Third, apologists sometimes read meaning into texts that simply aren’t there. This is called eisegesis. It is the opposite of exegesis. Let me quote from that fount of knowledge, Wikipedia: “While exegesis is the process of drawing out the meaning from a text in accordance with the context and discoverable meaning of its author, eisegesis occurs when a reader imposes his or her interpretation into and onto the text. As a result, exegesis tends to be objective when employed effectively while eisegesis is regarded as highly subjective.” Let me use an example I wrote about in the long series on authority I posted last year. As Mormons, we tend to read our modern definition of “priesthood” into both the Bible and the Book of Mormon. We claim, for instance, that Alma received the priesthood by ordination (from someone) before he baptized his followers in the waters of Mormon. We read this into the account because, according to our modern understanding of priesthood, this is how is simply had to happen. But our modern definition of priesthood is entirely absent from the Book of Mormon. Priesthood in ancient scripture, including the Book of Mormon, signifies merely the condition of being a priest. It is not a form of authority you can give or receive or hold. So any notion of Alma “receiving the priesthood” is being read into the text. Apologetics tends to fall into this pattern because of the need to make a text conform to a preconceived idea.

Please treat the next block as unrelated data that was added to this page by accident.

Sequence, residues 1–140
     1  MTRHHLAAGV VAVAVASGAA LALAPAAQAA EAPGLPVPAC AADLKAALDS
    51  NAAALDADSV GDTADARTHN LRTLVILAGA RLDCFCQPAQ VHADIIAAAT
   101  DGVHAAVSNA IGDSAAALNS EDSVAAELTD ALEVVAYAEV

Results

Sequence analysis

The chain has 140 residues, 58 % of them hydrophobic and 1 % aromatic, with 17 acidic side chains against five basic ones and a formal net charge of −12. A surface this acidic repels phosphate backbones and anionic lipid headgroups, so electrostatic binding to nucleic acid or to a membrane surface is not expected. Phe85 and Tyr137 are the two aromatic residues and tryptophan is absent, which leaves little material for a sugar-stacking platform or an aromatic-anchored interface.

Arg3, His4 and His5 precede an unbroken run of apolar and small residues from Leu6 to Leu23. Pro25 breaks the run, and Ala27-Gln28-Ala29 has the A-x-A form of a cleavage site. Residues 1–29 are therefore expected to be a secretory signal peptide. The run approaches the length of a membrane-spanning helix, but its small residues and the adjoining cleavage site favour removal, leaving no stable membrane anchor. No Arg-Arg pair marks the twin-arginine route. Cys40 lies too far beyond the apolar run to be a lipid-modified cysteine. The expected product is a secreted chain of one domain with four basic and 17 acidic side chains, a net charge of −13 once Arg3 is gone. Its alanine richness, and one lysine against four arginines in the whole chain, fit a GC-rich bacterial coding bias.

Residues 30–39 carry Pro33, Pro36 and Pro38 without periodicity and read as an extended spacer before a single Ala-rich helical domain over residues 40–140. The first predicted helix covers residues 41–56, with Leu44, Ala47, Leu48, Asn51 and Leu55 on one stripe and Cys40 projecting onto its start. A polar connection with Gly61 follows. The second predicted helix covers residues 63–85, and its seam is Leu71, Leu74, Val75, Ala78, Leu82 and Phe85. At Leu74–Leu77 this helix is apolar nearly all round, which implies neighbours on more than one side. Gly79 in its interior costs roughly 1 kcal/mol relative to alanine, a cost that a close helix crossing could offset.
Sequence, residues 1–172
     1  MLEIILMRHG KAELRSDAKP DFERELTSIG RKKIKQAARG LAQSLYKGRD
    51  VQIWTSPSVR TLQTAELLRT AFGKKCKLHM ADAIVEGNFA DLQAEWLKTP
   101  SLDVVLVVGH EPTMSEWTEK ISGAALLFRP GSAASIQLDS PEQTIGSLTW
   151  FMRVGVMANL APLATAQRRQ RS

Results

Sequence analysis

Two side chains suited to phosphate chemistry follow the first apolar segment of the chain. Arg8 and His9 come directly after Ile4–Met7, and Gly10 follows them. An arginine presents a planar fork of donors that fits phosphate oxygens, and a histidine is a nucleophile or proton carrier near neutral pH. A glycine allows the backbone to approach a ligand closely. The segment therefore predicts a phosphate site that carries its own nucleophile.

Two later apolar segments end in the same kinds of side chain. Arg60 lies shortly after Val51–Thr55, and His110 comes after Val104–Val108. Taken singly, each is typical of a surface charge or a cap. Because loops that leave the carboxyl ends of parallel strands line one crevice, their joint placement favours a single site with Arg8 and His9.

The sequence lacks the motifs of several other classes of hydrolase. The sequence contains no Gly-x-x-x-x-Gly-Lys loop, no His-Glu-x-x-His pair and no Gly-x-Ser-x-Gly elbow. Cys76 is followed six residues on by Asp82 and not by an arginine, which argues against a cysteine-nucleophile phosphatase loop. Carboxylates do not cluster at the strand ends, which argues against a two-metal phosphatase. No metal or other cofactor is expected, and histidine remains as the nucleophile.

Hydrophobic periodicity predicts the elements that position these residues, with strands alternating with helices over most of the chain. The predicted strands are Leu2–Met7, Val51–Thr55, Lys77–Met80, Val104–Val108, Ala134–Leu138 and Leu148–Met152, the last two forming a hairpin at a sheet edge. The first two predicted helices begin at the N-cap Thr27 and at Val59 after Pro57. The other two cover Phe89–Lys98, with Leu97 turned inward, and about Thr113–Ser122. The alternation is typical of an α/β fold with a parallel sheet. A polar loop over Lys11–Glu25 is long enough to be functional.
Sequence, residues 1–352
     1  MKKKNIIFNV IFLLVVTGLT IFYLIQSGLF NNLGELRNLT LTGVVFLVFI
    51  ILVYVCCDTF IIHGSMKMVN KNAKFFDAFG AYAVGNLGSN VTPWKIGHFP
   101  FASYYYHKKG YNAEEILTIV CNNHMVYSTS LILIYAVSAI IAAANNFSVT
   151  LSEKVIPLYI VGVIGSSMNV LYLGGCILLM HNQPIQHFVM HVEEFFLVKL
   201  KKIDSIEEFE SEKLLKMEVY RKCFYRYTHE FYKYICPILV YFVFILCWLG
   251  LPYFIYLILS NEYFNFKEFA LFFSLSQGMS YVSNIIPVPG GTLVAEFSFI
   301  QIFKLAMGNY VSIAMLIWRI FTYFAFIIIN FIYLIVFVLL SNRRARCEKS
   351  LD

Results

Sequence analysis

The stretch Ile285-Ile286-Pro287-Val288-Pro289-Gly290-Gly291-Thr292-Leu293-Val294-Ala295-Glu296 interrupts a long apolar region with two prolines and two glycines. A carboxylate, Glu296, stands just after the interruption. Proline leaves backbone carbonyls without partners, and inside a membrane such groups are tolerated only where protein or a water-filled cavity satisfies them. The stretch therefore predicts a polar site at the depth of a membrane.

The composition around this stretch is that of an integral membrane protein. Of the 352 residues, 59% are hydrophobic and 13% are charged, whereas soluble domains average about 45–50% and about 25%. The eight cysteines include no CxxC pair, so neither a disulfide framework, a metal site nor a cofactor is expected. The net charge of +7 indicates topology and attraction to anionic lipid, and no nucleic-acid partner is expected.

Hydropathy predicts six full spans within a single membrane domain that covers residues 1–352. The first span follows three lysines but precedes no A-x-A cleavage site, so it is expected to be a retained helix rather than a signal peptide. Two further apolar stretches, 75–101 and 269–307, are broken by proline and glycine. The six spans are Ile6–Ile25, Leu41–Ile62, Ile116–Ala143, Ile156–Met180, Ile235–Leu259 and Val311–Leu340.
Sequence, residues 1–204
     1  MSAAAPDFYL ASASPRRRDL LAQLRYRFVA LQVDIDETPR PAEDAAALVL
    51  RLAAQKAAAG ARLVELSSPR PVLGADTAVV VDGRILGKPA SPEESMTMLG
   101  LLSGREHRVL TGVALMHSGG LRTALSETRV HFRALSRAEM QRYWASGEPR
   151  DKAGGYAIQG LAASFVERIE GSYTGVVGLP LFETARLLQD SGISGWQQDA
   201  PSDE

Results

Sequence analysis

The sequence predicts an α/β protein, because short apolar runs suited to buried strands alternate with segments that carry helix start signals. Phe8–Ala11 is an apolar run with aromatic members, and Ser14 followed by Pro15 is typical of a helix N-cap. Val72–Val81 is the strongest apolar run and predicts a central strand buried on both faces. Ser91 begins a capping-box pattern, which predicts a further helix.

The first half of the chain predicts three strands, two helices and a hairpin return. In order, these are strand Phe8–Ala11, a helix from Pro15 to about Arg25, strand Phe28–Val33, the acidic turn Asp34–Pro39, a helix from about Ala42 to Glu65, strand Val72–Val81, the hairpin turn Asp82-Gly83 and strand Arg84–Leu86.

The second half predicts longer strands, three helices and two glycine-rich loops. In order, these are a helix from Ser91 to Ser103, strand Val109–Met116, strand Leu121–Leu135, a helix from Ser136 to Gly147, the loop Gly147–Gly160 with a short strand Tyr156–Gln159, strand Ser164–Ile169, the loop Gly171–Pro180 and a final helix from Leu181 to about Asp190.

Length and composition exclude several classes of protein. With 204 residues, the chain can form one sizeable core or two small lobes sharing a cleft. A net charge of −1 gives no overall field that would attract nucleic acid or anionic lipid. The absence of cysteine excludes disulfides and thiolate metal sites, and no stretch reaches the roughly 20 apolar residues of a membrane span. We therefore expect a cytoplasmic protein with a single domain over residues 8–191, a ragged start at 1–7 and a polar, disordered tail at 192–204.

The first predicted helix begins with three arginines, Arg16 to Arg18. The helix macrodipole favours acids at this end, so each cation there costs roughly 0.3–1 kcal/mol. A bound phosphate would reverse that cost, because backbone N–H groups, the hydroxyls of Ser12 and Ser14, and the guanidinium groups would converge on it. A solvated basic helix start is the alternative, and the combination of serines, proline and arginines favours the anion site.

Finally, the project of apologetics is to defend a proposition or a person. But what if defending a proposition or a person prevents you from finding and then defending the truth. Sometimes life is not so black and white as the apologist wishes it to be. In fact, both real life and real people are incredibly complex. Prophets are especially complicated. They are notoriously inconsistent and error-prone and sometimes don’t have perfectly pure motives. And that fact opens a can of worms. A major flaw I see in most Mormon apologetics is that it begins with the assumption that Joseph Smith was infallible. Now, of course, no apologist is going to admit that if you phrase it that way. We all believe that our prophets are fallible mortals. That is our unwritten fourteenth article of faith. But when it comes to Joseph Smith, the apologetics enterprise is devoted to amassing evidence that everything he did or said makes sense if you look at it through a particular lens. Seriously, have you ever seen an apologist take all the evidence available and come to the conclusion that Joseph Smith was simply way off base on a particular doctrine or claim? Of course not. They can’t allow that. Why? Because that may require us to make space for human frailty and inconsistency in any number of other areas. And that is a slippery slope they simply cannot start down. So they end up defending a person or a proposition in toto, even though the truth may at times be a casualty in that effort.